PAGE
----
South Korean finance minister
Kwon Okyu will tell Asian financial leaders at the ADB annual
meeting today that its high time to take
notice of changes in North Korea.
We want to draw attention
to North Korea, Kwon told Emerging Markets in an
interview yesterday. North Korea is not a member of any
international organisation, and yet it is one of the poorest
countries in the world, he said.
Kwon will tell ADB governors
that change is evident in the reclusive state, but that it is
receiving very little outside support in its efforts.
North Korea recently sent
government officials overseas to get training in the market
economy, Kwon pointed out.
The US position is moving
more and more toward supporting North Korea. I want to draw ADB
members attention to this, and to stress the way that the
situation is changing.
Kwon pointed to a recent survey
by a leading investment bank suggesting that North Korea is at
a similar stage of economic development to that in China during
the late 1960s and 1970s.
An increasing proportion of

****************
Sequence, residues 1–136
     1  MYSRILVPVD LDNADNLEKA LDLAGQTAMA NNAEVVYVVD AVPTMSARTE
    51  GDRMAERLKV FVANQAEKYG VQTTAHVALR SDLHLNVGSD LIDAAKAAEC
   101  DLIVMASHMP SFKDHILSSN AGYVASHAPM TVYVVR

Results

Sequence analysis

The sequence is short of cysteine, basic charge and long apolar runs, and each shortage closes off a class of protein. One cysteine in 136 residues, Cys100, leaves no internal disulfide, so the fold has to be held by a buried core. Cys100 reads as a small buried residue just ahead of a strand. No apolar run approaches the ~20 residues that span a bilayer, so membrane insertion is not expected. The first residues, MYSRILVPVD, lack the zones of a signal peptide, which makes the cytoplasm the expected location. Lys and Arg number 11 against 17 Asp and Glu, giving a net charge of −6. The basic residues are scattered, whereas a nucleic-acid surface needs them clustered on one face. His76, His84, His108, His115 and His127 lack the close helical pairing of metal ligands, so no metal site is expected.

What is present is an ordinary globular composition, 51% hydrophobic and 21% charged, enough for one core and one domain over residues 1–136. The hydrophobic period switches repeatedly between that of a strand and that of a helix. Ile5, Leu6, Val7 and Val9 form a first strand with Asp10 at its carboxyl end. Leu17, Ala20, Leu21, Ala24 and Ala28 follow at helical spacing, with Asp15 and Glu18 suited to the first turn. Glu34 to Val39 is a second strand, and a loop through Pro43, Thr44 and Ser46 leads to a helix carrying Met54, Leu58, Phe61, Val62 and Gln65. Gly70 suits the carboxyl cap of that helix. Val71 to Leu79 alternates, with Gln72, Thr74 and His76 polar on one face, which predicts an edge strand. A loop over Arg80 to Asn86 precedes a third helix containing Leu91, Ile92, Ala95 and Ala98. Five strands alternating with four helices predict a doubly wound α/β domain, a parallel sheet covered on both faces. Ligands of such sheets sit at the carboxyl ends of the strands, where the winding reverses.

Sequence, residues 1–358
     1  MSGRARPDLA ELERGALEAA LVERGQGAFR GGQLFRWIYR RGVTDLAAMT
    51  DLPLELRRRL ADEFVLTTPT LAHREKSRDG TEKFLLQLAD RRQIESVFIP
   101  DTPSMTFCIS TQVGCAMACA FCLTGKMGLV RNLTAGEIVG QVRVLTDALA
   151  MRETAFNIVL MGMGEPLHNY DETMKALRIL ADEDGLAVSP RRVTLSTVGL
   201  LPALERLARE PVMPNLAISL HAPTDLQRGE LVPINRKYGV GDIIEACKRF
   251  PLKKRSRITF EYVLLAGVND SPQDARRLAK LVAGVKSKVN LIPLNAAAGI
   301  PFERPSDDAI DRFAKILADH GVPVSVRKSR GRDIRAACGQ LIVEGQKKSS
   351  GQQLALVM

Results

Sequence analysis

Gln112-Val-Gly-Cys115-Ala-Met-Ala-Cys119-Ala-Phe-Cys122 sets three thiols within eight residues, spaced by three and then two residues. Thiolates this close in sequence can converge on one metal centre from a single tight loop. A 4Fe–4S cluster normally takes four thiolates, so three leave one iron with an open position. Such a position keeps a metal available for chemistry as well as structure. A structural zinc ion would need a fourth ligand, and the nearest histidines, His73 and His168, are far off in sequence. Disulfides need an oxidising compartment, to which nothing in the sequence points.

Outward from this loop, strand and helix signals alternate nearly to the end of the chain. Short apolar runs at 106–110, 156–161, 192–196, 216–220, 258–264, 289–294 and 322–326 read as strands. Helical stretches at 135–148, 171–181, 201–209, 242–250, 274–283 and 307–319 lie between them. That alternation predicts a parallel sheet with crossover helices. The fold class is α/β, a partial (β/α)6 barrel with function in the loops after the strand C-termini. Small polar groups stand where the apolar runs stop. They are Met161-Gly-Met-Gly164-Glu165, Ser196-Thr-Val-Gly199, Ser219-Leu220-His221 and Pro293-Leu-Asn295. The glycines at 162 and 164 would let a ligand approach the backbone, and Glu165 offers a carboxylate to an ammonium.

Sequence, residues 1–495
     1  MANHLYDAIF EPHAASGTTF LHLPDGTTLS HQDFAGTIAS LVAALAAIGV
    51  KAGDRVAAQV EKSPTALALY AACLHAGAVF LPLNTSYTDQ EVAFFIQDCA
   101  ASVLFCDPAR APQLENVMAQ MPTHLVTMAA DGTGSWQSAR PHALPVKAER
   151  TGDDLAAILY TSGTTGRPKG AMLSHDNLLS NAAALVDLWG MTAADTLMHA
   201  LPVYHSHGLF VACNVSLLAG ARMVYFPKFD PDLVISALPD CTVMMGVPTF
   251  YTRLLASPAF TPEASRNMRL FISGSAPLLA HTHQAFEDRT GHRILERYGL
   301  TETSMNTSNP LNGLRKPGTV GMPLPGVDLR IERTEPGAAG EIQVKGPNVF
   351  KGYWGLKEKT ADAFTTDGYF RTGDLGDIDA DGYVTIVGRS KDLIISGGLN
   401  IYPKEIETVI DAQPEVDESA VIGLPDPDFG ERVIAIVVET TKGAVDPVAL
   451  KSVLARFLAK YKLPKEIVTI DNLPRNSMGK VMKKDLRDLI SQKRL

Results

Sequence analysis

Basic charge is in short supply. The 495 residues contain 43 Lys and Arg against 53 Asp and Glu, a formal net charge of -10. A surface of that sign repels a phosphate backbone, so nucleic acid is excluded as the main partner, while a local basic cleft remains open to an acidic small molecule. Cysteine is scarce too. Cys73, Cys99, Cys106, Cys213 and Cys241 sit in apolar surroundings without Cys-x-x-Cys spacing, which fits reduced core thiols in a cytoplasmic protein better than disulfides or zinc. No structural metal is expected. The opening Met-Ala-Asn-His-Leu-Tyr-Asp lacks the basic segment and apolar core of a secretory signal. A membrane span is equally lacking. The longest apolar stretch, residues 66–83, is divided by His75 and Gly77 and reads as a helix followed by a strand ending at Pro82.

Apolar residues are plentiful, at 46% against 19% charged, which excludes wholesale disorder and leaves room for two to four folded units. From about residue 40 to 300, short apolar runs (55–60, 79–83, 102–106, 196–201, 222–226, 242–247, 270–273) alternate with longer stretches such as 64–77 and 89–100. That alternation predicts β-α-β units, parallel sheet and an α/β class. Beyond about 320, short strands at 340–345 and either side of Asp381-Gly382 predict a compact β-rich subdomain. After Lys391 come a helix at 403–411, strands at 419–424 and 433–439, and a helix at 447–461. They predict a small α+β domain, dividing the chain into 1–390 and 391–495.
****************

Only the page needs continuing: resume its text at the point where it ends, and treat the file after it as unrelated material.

commodities are being traded via the market. A market in
foreign exchange also exists, even though at different rates
from the official market, he noted.
North Korea cannot apply for
membership of the ADB until it has first secured admission to
the IMF and the World Bank, Kwon said. But ADB members should
be aware of changes in the country, so that they can examine
ways that they can assist North Koreas potential
transition to a market economy, he suggested.
Before taking his present
position, Kwon spent some time in the Czech Republic at the
request of Korean president Roh Moo studying how the
transition from a centrally planned to a more marketised
economy was managed there. The Czech experience could have
considerable relevance for North Korea, Kwon suggested to
Emerging Markets in an earlier interview.